VOICE Home Page: http://www.os2voice.org
First letter is from David Odom:
Just wanted to let you know that I am still and will continue to be a loyal OS/2 for as long as it still works. I may need some help in installing fixpack, searching for hardware device support, etc., but will do all I can to keep using OS/2. I have been a loyal fan since OS/2 1.2 while working for IBM. At least some of us old IBMers didn't desert OS/2 like IBM deserted us.
Keep up the good work and if I can help in any way, I will.
The following letter is from Eric McCann:
Not really a submission, more of an answer to where will the OS/2 users go...
I haven't used OS/2 for a while now. I'll say that right at the outset. I still try to keep an eye on how things are going (esp. with products like ODIN,) but right now I'm sitting on a Windows box.
I soldiered on a bit, beta testing Warp 4 (and getting no responses to my bug reports,) using the final release for some time. I finally gave up when I needed USB support (not then available) TWAIN support for my digital camera, and a good graphics app. I was having trouble finding all of them under OS/2, and so was pretty much forced back to the world of blue screens.
I haven't sat idle, though - between watching what Windows was doing (and I have to admit, Win2k impressed me, though I never bought it) and looking at alternatives. Much of the non-commercial (what IBM insulted as the "kitchentop" market - yes, that still stings) OS/2 community will probably start looking at linux. I did. I didn't want to fight through that learning curve.
I looked at Be - in fact, still have it running, as it handles my digital camera and Web authoring needs nicely. It doesn't, however, see the NIC or (gag) Winmodem/sound card in the current PC.
WinXP? I'm somewhat less concerned about the privacy issues (wish I could find the site that went into the "hardware report" and "authentication" processes again,) or the Fisher-Price interface. I just don't want to give more money to Microsoft.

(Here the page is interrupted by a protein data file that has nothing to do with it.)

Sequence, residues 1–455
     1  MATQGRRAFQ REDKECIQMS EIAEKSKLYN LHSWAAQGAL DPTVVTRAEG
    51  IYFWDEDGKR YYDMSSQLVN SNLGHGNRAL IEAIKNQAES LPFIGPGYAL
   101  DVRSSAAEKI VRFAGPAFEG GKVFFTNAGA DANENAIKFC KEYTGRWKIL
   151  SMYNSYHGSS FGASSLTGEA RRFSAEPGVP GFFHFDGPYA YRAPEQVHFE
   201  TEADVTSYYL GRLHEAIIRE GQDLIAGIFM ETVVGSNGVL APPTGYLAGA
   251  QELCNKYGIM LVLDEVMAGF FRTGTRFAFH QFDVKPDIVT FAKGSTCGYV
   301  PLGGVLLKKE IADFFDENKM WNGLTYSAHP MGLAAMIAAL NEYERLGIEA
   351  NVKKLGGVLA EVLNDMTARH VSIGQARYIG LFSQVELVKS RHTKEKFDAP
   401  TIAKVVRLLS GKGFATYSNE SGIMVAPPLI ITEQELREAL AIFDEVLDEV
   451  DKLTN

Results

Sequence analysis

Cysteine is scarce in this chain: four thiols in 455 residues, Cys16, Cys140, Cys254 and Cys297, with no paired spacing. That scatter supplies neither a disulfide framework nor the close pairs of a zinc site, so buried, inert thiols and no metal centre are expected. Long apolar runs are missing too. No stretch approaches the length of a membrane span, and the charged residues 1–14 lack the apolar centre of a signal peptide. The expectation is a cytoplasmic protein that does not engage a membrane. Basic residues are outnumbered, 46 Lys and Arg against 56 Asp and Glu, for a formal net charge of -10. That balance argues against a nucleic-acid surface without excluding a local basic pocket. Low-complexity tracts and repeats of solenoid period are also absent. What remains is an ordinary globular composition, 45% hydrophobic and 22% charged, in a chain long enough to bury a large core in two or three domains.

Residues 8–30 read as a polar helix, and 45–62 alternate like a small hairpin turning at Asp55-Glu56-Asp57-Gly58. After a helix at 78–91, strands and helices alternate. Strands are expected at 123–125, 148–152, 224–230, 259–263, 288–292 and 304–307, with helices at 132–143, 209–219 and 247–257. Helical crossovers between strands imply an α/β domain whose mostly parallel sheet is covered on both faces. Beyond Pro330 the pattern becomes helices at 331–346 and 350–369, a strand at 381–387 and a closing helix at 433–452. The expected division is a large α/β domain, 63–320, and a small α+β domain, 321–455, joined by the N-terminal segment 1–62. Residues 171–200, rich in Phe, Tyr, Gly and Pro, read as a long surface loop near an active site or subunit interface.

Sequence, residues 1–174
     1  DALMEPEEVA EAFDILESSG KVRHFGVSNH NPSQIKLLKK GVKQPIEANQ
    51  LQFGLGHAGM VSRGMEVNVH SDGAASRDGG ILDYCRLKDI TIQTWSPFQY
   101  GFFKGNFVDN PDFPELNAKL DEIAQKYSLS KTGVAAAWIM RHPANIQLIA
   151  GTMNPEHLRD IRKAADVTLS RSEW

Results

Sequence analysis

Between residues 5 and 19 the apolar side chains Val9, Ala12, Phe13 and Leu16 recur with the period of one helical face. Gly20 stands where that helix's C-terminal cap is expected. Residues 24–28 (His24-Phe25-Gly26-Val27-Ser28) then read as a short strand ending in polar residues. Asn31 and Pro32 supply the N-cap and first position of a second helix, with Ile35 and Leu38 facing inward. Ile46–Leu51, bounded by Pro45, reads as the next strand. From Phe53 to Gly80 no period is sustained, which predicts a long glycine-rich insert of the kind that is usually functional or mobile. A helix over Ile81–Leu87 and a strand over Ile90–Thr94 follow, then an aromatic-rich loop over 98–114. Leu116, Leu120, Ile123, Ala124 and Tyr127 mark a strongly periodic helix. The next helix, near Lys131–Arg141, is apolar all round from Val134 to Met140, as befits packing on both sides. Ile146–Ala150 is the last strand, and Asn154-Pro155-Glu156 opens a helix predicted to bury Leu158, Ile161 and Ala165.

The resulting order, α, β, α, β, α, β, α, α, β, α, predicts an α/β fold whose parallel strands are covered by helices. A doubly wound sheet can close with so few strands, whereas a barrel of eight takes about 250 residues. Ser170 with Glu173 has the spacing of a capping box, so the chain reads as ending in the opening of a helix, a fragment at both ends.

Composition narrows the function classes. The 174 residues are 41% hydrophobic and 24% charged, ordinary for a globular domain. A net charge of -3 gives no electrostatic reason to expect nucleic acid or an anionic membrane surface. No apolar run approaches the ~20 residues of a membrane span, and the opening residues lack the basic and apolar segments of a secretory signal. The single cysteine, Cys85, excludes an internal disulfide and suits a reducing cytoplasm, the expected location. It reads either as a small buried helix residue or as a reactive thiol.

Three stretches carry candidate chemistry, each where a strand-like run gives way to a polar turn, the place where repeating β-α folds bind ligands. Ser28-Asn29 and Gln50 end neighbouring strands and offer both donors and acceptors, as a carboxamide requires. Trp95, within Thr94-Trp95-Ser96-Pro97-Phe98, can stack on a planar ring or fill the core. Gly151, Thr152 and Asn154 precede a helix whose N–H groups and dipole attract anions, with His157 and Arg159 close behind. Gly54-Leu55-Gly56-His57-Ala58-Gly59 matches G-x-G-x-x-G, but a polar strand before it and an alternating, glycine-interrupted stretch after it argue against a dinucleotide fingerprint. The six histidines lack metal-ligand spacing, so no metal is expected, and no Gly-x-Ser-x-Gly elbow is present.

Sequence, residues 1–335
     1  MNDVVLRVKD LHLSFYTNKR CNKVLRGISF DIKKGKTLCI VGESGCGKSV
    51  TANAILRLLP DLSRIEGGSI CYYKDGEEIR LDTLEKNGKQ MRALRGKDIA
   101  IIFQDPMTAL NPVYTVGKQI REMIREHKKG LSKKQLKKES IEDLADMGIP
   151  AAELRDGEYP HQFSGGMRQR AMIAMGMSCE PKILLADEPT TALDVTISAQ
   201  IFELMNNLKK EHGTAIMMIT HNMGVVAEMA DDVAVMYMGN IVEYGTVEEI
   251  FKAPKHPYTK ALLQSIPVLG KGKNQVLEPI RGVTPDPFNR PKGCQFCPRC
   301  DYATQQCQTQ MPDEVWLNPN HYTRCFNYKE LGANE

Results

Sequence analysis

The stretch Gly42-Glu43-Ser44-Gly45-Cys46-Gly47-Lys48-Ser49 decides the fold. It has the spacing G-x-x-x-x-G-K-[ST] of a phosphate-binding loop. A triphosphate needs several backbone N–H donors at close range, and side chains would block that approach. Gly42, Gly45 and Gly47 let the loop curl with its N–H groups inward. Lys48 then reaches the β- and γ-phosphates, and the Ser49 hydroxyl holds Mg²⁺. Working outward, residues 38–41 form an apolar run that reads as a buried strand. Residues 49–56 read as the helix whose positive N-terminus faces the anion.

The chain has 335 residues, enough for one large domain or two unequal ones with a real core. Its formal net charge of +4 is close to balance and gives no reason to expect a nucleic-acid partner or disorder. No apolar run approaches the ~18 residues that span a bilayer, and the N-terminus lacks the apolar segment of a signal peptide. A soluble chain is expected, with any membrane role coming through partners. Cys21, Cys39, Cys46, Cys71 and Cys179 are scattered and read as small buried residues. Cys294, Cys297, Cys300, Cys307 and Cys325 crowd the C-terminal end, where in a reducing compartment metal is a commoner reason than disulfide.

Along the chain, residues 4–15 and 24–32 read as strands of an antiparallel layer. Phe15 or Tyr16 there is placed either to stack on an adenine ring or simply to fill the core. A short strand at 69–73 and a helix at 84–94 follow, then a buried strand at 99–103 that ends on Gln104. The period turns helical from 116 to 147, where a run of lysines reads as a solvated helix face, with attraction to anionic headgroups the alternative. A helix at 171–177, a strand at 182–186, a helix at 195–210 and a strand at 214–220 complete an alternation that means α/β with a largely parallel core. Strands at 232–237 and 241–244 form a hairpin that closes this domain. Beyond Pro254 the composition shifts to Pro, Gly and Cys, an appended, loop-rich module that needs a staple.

My next step is going to be a Mac. I've already picked up older ones to (cheaply) figure out what's going on in them, and I have to admit, I love the things. iMac, iBook, PowerMac or Powerbook - they've got great hardware, stability the OS/2 user has come to know and love, and in OSX, a Unix based OS that IS actually easy to use.
As far as investment in knowledge, software, and hardware? OS X will support the newer hardware and digital cameras/camcorders/etc. Software? VirtualPC was mentioned as coming for OS/2. It's been a long-time resident of the Mac world. Heck, buy a 733-867 Mhz PowerMac and stick VPC running OS/2 on it.
This, at least, is the solution I'm saving my pennies for. My only REAL hold to Windows at the moment is gaming. Everything else, I can do on the Mac. And given VirtualPC, I can probably move my games onto it, as well. It wouldn't hurt OS/2 users to think about that as an option.
The following letter is from Wilson Yip:
Concerning your article "Whither OS/2?" I have gone from using OS/2 both at home and in the office to using OS/2 in the office and Apple Mac OS X 10.1 at home.
Later on, probably at the beginning of next year, when I am more familiar with the OS and there are the Mac OS X 10.1 equivalent programs, I shall be moving the Mac to the office as well.
The Mac is extremely easy to use and I have absolutely no regrets making the move although it involved writing off some PC hardware and buying a PowerMac. It has been worth the experience with this new OS which although based on BSD is extremely protective of the user though its Aqua interface. My only regret is that it took Apple so long to release this new OS.